South St. Louis is a contested terrain, subject to fluctuations in socioeconomic migration, a shift in economic identity, and continual infrastructural challenges – in particular, the dwindling capacity of urban stormwater systems. Understanding the conflict between human and nonhuman actants within the context of the watershed enables the creation of a new urban form – one that supports both cultural and ecological needs within the South St. Louis CSO (combined sewer overflow) community. The proposed Metrolink N/S light rail provides an opportunity to re imagine Jefferson Street – a physical and political boundary between the Benton Park and Benton Park West neighborhoods. This speculative design considers the natural systems that continue to alter spatial contexts, providing infill housing to support increased demand while supporting socioeconomic and racial diversity. Further building on the local economies of Cherokee Street, productive landscape infrastructures provide an organizational framework, enabling the production of enough food to support an estimated 60,000 inhabitants, stormwater management capable of managing 100% of stormwater within the CSO-shed, and adequate space for micro-production facilities such as breweries and bakeries – a growing economic opportunity in South St. Louis.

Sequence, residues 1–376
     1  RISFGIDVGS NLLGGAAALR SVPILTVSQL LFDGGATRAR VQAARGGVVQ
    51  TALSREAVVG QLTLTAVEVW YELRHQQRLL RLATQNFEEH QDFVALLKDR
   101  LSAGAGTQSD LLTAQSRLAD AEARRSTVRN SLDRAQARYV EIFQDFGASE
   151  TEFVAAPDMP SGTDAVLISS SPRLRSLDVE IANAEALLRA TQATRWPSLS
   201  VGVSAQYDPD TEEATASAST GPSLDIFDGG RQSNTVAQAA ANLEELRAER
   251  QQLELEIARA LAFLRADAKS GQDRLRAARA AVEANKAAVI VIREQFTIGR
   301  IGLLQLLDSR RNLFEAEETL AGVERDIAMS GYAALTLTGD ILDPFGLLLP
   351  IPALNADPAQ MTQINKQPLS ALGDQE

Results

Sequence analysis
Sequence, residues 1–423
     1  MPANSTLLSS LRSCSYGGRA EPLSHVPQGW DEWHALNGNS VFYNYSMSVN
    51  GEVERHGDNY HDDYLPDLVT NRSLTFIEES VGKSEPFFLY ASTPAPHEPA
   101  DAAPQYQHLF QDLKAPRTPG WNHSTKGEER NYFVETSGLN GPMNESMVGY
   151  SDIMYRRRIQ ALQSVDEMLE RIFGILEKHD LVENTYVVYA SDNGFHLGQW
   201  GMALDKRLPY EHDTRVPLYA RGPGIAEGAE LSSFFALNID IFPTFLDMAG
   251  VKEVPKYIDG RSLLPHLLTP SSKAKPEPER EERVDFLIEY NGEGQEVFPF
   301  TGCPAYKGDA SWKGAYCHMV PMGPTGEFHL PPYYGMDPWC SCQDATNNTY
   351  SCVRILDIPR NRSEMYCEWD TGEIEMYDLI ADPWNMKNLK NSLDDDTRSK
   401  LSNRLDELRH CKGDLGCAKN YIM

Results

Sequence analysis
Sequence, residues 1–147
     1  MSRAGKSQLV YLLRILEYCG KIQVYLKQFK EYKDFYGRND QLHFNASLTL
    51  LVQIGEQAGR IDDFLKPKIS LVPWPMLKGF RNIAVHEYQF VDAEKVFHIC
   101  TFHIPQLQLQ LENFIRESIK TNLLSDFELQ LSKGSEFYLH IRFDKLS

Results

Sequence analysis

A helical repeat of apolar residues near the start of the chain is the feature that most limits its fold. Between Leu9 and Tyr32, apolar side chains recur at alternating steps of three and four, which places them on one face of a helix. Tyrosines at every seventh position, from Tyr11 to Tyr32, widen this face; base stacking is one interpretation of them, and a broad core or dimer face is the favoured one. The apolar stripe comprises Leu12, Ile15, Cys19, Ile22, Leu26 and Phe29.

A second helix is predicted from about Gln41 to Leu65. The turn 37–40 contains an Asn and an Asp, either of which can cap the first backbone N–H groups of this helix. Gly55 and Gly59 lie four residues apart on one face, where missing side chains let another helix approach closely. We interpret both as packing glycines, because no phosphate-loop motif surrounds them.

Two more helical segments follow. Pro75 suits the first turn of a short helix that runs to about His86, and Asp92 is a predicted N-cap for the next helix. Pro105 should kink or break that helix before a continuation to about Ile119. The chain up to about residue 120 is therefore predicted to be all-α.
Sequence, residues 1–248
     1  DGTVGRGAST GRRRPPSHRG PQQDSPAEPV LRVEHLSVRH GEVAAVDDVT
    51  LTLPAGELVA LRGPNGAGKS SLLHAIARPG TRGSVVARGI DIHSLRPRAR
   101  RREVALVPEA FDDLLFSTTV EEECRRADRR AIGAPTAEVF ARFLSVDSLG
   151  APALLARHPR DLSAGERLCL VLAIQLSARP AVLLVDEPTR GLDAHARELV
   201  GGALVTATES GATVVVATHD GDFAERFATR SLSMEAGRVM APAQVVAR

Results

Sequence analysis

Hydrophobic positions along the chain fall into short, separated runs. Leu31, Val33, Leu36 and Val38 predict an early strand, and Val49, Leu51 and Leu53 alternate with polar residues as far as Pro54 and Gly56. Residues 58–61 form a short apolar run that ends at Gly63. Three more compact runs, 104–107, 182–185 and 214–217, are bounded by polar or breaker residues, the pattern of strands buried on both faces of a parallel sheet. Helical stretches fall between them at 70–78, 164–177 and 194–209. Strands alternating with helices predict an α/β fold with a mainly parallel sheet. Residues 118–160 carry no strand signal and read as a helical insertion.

ASLA St Louis, Student Honor Award, 2018
ACSA, Designing Healthy Places Competition Winner, 2018
Other Contributors: Shuailin Wu
Work performed while studying urban design at Washington University in St. Louis